And, presumably, elsewhere at least in the West.
The August 18th issue of The New York Review of Books has a review of three books about teenage girls; two are based on interviews and the news they convey is pretty grim. The reviewer does not endorse all the generalizations and conclusions of the authors, but just the features recounted by the girls are enough. The material raises some very important questions. I’ll start with them and then provide some snippets that illustrate what the books are saying.
Question One: The idea that protecting women on campuses means insisting on “no means no” overlooks the fact that a lot of young women have sex when they don’t really want to. They lack self-respect and sense of autonomy to take charge of their sexual lives. What can we do about this? I should think that the problems need to be started to be addressed very early, as in grade school.
As the reviewer, Zoe Heller, says,
Making young men more vigilant about obtaining consent and discouraging their tendency “to see girls’ limits as a challenge to overcome” is no doubt essential, but if young women are still inclined to say “yes” when they mean “no”—are more willing to endure unwanted sex than to risk being considered prudish—the new standards of consent would seem to be of limited value.
Question Two: If the really practical problems of girls’ oppression are as bad as they sound, should this affect our teaching? I find it embarrassing now to think of what I considered ‘liberating’ thought ten years ago. Has your teaching addressed related issues? What can one do?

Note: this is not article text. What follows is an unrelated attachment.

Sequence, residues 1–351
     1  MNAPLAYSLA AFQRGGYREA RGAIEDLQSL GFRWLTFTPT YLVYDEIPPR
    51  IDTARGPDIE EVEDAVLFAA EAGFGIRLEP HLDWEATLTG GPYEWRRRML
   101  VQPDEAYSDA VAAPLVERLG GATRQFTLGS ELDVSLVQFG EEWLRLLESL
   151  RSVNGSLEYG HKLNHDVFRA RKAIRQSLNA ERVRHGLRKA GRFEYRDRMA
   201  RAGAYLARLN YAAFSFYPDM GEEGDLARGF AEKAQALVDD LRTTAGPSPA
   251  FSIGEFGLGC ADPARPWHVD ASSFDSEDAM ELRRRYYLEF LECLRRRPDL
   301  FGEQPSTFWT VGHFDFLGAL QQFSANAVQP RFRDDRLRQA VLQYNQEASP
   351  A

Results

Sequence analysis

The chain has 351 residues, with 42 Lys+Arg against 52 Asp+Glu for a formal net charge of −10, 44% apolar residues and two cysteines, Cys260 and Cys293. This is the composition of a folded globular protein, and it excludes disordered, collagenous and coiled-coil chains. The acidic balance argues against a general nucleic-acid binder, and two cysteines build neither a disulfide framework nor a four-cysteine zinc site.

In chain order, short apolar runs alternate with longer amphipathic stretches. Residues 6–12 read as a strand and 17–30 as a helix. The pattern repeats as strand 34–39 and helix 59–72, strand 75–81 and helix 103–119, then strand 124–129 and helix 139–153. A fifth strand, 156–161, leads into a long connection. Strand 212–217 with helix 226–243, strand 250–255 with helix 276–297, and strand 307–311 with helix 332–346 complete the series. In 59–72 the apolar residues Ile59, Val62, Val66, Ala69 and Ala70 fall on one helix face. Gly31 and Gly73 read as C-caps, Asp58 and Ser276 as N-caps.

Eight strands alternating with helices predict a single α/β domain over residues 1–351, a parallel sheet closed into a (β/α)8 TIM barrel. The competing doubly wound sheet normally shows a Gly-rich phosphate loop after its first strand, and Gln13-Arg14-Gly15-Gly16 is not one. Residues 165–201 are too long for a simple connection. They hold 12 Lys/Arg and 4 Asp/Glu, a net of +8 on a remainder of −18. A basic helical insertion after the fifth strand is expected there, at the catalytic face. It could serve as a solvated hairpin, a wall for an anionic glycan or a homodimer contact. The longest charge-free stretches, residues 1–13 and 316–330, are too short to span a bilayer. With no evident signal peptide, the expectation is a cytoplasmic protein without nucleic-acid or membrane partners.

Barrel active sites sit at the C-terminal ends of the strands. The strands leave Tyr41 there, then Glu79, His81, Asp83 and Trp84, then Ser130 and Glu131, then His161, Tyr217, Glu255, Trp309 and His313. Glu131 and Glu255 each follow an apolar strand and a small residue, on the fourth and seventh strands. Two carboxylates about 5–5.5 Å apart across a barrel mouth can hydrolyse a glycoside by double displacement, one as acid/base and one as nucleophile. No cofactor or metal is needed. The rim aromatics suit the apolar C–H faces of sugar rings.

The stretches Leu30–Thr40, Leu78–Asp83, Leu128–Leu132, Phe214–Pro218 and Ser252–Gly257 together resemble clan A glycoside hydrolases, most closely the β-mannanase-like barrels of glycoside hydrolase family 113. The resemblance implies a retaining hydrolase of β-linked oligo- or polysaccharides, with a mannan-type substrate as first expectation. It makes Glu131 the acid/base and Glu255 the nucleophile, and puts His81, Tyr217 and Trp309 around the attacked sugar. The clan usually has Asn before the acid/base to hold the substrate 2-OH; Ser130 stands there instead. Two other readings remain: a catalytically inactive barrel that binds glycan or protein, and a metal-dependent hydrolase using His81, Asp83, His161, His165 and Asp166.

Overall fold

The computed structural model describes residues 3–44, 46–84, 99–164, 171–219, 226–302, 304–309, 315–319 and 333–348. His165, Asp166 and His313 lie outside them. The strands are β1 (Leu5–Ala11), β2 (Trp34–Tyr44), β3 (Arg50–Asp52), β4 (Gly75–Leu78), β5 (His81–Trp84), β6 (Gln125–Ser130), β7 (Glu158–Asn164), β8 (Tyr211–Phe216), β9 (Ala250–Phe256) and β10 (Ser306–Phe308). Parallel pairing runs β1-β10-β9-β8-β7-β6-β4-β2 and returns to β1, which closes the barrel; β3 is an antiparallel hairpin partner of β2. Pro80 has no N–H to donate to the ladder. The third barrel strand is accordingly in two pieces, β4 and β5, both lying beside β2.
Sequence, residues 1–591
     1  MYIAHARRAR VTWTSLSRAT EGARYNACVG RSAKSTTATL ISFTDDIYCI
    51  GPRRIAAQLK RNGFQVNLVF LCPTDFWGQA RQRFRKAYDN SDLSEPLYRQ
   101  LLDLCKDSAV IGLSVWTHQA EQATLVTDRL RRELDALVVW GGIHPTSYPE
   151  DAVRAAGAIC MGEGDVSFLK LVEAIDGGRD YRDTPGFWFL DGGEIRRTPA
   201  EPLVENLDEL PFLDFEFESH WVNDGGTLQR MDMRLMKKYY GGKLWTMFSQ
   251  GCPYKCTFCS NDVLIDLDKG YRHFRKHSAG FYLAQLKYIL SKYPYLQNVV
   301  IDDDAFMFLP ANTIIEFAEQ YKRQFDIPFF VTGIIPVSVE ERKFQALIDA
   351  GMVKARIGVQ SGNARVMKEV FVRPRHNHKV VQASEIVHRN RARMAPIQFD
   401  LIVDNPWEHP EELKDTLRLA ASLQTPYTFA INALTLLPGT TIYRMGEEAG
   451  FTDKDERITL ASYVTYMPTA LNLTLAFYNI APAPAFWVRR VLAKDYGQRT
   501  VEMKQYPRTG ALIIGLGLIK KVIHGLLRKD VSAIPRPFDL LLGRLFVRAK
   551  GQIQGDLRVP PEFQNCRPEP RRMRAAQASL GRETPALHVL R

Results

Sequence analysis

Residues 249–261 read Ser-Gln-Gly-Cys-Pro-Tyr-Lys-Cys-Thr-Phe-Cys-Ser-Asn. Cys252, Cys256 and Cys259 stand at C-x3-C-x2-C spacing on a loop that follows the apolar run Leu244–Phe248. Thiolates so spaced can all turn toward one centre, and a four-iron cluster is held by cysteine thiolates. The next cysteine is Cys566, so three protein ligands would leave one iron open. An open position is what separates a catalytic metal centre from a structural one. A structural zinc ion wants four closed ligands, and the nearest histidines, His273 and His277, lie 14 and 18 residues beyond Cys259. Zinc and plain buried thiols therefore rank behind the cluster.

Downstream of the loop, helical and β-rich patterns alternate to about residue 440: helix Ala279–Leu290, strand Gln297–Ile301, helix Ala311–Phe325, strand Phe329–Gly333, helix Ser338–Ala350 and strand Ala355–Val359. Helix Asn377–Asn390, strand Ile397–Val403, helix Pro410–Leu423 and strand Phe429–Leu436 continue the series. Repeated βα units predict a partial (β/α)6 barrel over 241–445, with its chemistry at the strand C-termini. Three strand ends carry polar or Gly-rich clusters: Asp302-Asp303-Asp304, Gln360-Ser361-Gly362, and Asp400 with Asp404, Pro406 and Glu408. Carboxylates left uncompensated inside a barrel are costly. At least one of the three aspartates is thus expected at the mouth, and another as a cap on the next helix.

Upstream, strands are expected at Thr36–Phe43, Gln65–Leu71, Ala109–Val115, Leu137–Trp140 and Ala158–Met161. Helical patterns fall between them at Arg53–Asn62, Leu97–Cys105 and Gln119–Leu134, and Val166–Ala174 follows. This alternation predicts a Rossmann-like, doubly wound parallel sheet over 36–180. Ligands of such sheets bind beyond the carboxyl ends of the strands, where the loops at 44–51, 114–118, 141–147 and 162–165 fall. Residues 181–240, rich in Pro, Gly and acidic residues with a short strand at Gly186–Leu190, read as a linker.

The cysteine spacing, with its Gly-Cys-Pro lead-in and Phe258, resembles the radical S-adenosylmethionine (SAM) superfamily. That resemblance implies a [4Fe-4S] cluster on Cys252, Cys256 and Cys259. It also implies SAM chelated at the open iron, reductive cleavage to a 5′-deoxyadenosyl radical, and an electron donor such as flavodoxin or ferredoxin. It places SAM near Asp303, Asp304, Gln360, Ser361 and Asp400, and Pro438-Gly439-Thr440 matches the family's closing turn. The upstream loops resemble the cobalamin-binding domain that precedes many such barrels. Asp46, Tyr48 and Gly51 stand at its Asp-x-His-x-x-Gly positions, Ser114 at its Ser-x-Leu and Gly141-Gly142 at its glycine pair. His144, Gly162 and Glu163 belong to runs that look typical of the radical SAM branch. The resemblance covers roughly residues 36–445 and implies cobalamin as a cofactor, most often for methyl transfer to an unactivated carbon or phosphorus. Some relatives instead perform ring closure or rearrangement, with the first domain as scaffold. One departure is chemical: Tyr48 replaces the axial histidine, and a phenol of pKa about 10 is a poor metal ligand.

In American Girls, Social Media and the Secret Lives of Teenagers a study based on interviews with more than two hundred girls, Vanity Fair writer Nancy Jo Sales argues that the most significant influence on young women’s lives is the coarse, sexist, and “hypersexualized” culture of social media. …[T]hanks to the many hours they spend each day in an online culture that treats them—and teaches them to treat themselves—as sexual objects, they are no more, and perhaps rather less, “empowered” in their personal lives than their mothers were thirty years ago.
The fact that being “the girl everybody wants to fuck” can now be characterized as a bold, feminist aspiration is one measure, [Sales] suggests, of how successfully old-fashioned sexual exploitation has been sold to today’s teenage girls as their own “sex-positive” choice.
Peggy Orenstein interviewed more than seventy young women for her book, Girls and Sex: Navigating the Complicated New Landscape … Although many of them led active sex lives and professed to find sex “awesome,” few had ever achieved orgasm with a partner. (Most of them had faked it.) And while the majority of them regarded providing oral sex as a mandatory feature of the most fleeting sexual encounter, they rarely received, or expected to receive, oral sex in return. (Several rejected the idea of cunnilingus as embarrassing and worried that their vaginas were “ugly, rank, unappealing.”)
[Orenstein] points to the fact that most of her interview subjects had been dutifully shaving or waxing their “bikini areas” since the age of fourteen. (Rather like Ruskin, whose ideas about the naked female form are said to have been gleaned from classical statuary, modern porn-reared boys expect female genitalia to be hairless.)
A general caveat about the grim picture: Heller, maintains
If the good old days were never as good as both writers are wont to imply, the dark days of our present era are not quite as unremittingly desperate either. Notwithstanding the vicious influence of pornography, social media, and Miley Cyrus, contemporary girls still manage to have high school boyfriends; some of them even get around to watching alternative films at college. Fifteen-year-olds may go online to learn how to perform fellatio, but they also post fearsome rebukes to boorish boys on Facebook … and attend Nicki Minaj concerts to hear the rapper sermonize on why a woman should never be financially dependent on a man.